Dogs, Rats, and Heart Attacks

Owning a dog can save you from a heart attack.

Posted Mar 20, 2012

In the mid-1980s doctors noticed that many patients recovering from heart attacks had a particular type of arrhythmia. What's more these arrhythmias were asymptomatic, meaning the patients had no idea they had it. Doctors suspected that these arrhythmias were responsible for

causing subsequent heart attacks, but they had no evidence. So in 1986 clinical researchers recruited hundreds of patients into the Cardiac Arrhythmia Suppression Trial (CAST). They hypothesized that a new class of drugs would suppress these arrhythmias, reduce the likelihood of subsequent heart attacks, and save lives.

Six years later the data were all in and showed conclusively that arrhythmia drugs effectively suppressed asymptomatic arrhythmias (w00t!). Unfortunately, that was only the first part of the hypothesis. The drugs actually tripled the risk of dying from another heart attack. (Doh!)

So the hypothesis didn't pan out, but that's what makes it science. Another group of researchers looked deeper into the data, and found some interesting things. They calculated that if you've had a heart attack, your chance of dying within a year is about 5%. Unless you have a dog, then your likelihood of dying drops by a factor of 5, down to 1%. Dogs help people survive heart attacks. Unfortunately for cat fanciers, the feline data was less conclusive. Similarly, an Australian survey study of 1000 Australians showed that owners of dogs (and cats this time too), made fewer visits to doctors offices, were less likely to be on heart medication and had fewer sleep difficulties. However, kangaroo ownership didn't help at all.

In addition, the CAST data showed that having good social support also increased survival, as did low levels of anxiety. So dogs, social support, and low anxiety help prevent death from heart attacks. These all sound like a diverse set of causes, but is there possibly a common thread between them? For the answer we look to the parenting practices of rats. (But I mean obviously the answer is yes, otherwise why would I pose the question?)

You may recall from my last article that rat mothers lick their babies (some more than others), and that this releases the neurotransmitter/hormone oxytocin in the babies (Educational Sidenote: whether it's considered a neurotransmitter or a hormone just depends on if it's found in the brain/nervous system or in the rest of the body. Oxytocin is found in both places). Rats who get licked a lot as kids grow up to be less anxious and less stressed.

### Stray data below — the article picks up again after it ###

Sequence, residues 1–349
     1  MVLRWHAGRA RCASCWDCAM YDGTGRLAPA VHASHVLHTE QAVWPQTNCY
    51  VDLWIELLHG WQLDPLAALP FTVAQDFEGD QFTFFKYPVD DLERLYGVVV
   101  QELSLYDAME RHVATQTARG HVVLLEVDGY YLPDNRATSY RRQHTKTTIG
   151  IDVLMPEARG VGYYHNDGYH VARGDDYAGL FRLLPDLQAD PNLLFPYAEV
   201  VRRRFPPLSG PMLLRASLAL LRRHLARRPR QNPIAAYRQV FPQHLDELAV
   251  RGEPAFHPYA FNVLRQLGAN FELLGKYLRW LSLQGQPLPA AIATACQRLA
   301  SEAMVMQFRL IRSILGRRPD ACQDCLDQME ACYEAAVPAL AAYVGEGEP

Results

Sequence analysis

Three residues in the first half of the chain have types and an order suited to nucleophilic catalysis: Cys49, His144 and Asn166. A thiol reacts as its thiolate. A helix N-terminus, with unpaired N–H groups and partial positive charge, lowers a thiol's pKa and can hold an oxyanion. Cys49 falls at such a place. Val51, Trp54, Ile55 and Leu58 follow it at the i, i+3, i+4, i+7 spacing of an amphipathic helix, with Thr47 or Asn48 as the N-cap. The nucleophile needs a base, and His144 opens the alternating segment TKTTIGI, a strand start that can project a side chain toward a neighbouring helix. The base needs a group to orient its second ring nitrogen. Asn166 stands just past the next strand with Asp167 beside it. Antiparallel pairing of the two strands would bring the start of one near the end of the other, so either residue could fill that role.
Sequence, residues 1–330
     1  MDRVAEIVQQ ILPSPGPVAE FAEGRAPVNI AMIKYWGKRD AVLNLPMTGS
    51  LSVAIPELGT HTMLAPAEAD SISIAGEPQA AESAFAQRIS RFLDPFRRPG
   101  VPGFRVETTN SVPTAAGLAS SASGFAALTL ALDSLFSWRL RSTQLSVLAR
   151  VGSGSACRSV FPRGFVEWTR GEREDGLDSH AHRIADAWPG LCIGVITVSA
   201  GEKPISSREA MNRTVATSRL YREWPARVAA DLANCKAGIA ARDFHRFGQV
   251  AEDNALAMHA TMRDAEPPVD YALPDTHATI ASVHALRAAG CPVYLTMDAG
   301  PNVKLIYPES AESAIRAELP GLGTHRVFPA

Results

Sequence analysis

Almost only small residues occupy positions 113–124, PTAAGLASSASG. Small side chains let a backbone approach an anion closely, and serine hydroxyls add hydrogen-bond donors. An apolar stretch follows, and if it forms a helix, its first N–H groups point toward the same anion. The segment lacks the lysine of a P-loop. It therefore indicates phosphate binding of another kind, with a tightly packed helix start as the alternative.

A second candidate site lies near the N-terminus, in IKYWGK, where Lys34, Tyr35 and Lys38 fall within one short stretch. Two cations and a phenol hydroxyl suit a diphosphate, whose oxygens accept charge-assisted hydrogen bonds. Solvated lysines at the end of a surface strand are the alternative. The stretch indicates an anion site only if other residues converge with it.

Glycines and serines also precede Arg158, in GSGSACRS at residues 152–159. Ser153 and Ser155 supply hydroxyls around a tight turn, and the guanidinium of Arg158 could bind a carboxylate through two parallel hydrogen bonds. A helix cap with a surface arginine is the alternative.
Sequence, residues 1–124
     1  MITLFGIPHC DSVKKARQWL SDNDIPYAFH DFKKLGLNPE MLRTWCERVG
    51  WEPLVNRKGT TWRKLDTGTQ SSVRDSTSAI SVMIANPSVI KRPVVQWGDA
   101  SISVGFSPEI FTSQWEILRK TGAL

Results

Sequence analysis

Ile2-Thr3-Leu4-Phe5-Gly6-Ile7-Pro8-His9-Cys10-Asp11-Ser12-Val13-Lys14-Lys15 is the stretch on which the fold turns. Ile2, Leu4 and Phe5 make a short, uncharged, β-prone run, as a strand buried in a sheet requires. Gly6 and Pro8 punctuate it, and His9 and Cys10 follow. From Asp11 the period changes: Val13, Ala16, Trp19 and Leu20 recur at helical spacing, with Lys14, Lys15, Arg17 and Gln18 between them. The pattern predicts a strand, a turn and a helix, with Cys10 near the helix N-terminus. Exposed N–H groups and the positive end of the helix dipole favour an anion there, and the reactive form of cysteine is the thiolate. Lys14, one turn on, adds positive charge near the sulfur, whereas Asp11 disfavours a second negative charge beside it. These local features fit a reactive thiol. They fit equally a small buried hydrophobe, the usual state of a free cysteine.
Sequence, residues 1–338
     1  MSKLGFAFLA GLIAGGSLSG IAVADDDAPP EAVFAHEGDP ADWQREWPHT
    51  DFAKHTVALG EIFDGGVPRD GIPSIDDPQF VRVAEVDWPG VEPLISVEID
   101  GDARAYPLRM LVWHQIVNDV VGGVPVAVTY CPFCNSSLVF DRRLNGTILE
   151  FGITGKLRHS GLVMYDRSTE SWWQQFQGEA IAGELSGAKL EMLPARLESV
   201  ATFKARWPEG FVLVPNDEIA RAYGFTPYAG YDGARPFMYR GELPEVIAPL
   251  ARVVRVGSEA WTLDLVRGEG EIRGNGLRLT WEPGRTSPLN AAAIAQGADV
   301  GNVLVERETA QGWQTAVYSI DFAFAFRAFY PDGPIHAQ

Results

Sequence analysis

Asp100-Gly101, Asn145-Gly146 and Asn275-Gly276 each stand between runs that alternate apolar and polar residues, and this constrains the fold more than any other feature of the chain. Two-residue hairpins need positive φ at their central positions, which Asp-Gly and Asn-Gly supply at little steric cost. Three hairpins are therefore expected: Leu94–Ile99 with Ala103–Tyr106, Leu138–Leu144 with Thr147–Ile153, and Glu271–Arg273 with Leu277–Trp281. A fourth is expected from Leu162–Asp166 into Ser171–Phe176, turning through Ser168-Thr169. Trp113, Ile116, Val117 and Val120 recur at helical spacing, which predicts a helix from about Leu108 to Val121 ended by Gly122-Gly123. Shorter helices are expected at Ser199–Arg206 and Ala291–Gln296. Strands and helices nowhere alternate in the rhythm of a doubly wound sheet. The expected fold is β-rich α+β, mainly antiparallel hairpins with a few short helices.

Oxytocin works similarly in humans, and while it may be particularly necessary in childhood, even during adulthood it is important. Oxytocin is released by physical touch (hugs, kisses, handshakes, massages, breast-feeding ... that sort of thing), and possibly even through social interaction. One study showed that girls release oxytocin when talking to their mother. Importantly, oxytocin reduces stress and the levels of stress hormones, and has many other positive effects.

So how does this relate to having a dog? A group of Japanese researchers wanted to know just that, so they examined changes in oxytocin levels when people played with their dogs. The study found that when dog owners had a strong relationship with their dog, playing with their dog increased oxytocin. Another study from South Africa showed that petting a dog, even a strange dog, not only increased oxytocin, but dopamine and endorphins as well*.

Looking again at the heart attack survival data, we start to see a connection between the factors influencing survival: dog ownership, social support and low anxiety/stress. Playing with dogs and interacting with people both release oxytocin, which reduces anxiety and stress. And it doesn't just stop there. Physiologically, oxytocin can lower blood pressure and heart rate. In rats oxytocin has also been shown to improve the healing of heart tissue after a heart attack.

Some of these effects are caused by oxytocin acting as a hormone directly on the heart. But many of the effects, like reductions in stress and anxiety, are caused by oxytocin acting as a neurotransmitter in the brain. Either way, oxytocin is good for you. It reduces anxiety, and the stress response. Given that chronic stress is one of the biggest causes of poor health, it's clear how beneficial oxytocin can be.

Humans are social animals. So I guess it's not that surprising that having support from other humans, and other animals, has positive health benefits. Hopefully you also take away from this article the fact that there is not always a clear divide between physical health and mental health.

So if you have heart attack, reach for your poodle. Well, reach for the phone first (or your LifeAlert), then maybe reach for the Aspirin, then reach for the poodle. 

 *Correction (5/14/12): This post originally included a reference to serotonin that was not corroborated by primary literature, and has been removed.

If you liked this article then check out my book - The Upward Spiral: Using Neuroscience to Reverse the Course of Depression, One Small Change at a Time

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About the Author

Alex Korb, Ph.D., a neuroscientist at UCLA, is the author of The Upward Spiral: Using Neuroscience to Reverse the Course of Depression, One Small Change at a Time.

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